The housekeepers are here today. I can hear them from my office in the basement. They come about every four weeks, and two of them take about two hours to clean four bedrooms, three-and-a-half bathrooms, the family room, library, dining and living rooms. They mop the kitchen, foyer and hall floors, and sweep part of the basement (not my office). They do much more, but this should give you an idea of what they do. Diane, my wife, is the manager in charge of the project called “cleaning the house.”
I thought about the nature of their work and how it might apply to what we actuaries do. The big differences are the setting and the result. Actuaries work in offices; housekeepers work in homes. The actuarial work product is an analysis or a report; the housekeeper’s product is a clean home. However, I realized that housekeeping is much like an actuarial project in many ways, including in the execution of the two projects.
Keep turnover from affecting the project
Diane insists that at least one of the two housekeepers that the service sends has worked here before. And she really doesn’t like having three cleaners working — it creates too much chaos. There are certain ways she wants things done, certain cleaning solutions used, etc. She doesn’t want to train new people.
In an actuarial project, team member turnover generally causes more errors, takes longer to accomplish the task and delays the project. That doesn’t apply if one of the team members needs to be replaced due to performance, but keep the same people on the project if the work they did the last time was satisfactory. Training newcomers to a project only slows it down. See The Mythical Man Month,* a classic yet still applicable book on the topic.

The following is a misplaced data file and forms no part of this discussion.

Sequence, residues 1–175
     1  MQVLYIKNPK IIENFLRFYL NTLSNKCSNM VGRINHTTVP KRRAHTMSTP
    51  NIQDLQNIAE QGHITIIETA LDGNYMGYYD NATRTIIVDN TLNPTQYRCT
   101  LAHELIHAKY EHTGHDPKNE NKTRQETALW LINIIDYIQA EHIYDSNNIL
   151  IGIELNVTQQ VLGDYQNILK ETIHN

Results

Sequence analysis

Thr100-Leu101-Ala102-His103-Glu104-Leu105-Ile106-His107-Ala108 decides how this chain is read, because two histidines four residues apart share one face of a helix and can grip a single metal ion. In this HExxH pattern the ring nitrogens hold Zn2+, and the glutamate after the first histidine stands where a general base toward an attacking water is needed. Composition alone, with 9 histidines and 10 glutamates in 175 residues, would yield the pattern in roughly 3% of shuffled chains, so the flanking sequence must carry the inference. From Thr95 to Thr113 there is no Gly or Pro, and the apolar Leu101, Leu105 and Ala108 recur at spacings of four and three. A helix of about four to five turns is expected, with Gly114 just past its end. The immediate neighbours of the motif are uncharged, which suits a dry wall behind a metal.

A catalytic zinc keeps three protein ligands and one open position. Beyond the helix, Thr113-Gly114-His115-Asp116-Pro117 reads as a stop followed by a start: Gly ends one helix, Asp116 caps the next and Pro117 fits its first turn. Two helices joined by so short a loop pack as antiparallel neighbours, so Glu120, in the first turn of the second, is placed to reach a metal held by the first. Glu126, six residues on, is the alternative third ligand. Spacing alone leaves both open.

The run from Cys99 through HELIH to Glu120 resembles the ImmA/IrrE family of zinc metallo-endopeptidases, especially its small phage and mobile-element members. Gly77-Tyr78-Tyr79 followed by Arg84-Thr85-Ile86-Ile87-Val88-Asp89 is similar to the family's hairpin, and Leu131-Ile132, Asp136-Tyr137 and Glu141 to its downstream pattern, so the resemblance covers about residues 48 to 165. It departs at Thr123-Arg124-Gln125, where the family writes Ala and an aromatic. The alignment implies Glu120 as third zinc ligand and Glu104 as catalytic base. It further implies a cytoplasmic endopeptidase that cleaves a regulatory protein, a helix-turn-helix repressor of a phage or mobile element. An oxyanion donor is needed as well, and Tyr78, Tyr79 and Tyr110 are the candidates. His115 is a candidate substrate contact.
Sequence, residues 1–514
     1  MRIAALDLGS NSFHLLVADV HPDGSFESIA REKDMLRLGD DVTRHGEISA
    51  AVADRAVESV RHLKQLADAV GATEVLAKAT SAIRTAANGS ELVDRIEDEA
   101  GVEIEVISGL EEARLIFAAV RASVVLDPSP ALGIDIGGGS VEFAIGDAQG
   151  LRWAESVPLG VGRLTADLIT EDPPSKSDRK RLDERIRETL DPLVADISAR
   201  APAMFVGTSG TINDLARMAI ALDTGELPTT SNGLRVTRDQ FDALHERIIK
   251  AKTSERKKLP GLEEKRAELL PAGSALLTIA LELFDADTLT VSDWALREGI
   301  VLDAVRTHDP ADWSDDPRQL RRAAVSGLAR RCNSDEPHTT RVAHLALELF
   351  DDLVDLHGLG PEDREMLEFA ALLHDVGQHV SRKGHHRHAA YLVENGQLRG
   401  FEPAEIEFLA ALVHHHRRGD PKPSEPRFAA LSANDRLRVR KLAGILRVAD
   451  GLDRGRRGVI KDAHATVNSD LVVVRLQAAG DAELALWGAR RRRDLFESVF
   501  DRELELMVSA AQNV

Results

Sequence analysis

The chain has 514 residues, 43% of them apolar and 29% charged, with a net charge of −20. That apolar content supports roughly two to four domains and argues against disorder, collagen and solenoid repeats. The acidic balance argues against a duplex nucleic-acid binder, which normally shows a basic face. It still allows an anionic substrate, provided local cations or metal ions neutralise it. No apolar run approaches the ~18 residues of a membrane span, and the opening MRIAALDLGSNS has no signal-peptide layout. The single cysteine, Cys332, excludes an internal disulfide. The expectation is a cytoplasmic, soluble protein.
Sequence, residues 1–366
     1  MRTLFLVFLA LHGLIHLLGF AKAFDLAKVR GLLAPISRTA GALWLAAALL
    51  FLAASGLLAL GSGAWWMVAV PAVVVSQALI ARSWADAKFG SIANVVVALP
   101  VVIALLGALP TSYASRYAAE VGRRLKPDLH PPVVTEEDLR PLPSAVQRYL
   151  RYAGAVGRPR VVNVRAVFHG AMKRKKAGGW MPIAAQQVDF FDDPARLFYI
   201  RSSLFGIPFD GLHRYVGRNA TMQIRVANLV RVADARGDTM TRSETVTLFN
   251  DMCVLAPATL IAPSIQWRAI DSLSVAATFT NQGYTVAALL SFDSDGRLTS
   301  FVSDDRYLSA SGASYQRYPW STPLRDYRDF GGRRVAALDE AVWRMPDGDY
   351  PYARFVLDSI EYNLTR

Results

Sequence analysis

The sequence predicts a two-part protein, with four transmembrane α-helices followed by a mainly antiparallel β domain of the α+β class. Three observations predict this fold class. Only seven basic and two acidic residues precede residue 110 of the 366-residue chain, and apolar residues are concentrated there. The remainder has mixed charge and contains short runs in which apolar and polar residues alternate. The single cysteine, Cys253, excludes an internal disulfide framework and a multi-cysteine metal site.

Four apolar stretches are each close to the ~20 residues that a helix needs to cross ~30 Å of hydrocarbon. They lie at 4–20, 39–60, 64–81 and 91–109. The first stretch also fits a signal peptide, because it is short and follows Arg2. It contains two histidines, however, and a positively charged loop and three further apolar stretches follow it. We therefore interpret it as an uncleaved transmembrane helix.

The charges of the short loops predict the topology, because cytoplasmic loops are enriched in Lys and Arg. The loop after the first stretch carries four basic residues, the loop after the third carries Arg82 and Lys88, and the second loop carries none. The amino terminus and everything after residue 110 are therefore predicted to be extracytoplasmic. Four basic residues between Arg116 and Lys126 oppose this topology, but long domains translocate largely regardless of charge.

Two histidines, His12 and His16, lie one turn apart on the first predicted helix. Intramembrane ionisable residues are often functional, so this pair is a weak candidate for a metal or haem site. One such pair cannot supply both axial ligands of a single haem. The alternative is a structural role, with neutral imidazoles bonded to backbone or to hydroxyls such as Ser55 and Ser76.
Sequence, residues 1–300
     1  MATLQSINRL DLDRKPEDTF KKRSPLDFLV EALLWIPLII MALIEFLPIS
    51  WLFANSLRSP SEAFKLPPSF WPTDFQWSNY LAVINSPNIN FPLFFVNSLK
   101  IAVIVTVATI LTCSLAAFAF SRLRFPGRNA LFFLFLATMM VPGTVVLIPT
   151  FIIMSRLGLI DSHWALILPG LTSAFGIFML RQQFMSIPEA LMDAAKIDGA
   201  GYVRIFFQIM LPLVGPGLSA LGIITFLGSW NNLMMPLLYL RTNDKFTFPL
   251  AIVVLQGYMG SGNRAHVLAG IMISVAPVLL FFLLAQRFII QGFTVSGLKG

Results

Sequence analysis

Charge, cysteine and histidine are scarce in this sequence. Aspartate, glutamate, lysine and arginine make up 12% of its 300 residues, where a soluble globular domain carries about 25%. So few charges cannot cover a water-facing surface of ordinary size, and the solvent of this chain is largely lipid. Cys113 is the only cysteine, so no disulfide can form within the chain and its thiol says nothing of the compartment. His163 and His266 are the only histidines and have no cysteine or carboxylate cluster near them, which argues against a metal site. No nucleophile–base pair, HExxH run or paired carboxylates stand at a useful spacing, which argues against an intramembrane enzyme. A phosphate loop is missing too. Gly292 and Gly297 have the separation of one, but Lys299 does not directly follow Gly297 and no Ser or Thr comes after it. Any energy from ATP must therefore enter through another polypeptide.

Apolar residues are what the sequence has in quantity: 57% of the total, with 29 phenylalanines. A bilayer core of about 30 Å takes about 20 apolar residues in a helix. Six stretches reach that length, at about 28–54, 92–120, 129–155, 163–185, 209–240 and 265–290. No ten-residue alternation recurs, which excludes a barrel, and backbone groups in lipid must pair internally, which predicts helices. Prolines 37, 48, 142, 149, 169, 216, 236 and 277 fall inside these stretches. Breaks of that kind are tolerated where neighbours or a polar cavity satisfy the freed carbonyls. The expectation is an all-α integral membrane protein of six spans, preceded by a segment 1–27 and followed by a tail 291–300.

Let the client know you are working
“Kilroy was here” was an expression and drawing from WWII that American military personnel drew wherever they were during the war. I think of this doodle when the housekeeper folds the toilet paper over the top of the roll — it says, “I was here.” I sometimes think their rearranging some items on a shelf is another way to indicate, “Yes, I did dust this shelf.”
In a project, I like to give an indication that I did what I was asked to do. I often do something in the workbook or document or write or say something specific about the project to indicate I did, indeed, review it. It can be helpful to document something that will trigger my memory of my work later, such as: “This review was more difficult than normal because the month and day were reversed in the date field.”
In an office environment, keep in mind how others see you while working. Make work your first priority, not your phone.
Communicate the project’s status
This morning, the housekeepers’ car broke down, so they called to say they were running late. This is understandable and even acceptable unless it becomes a frequent occurrence. But showing up 45 minutes late and not calling first creates a different reaction from the customer, even if the cause of the delay is reasonable.
If I am working on a project and it is running behind, I tend to call and let the client know, even if it is the client’s fault for not supplying the data on time or another reason. Sending an email to say, “We ran into some difficulties with the data and are running about X days behind” helps shape the recipient’s expectations. If I can let them know when we first discover a problem and alert them to a potential delay, it is even better.
Have a plan of action
One of the housekeepers starts in the master bathroom (the hardest part), while the other does something else. There are usually two, but sometimes three of them. Each person has certain rooms assigned to clean. And one does the tasks involving liquids (cleaning bathrooms, kitchens) while the other handles the “dry” tasks (dust, vacuum, take out trash, etc.).
Consultants typically have a plan of action and share that plan with the other members of the team. It also can provide a basis for the report and for estimating the time needed to do future projects, especially if you keep track of each of the components of the plan.
Use the resources provided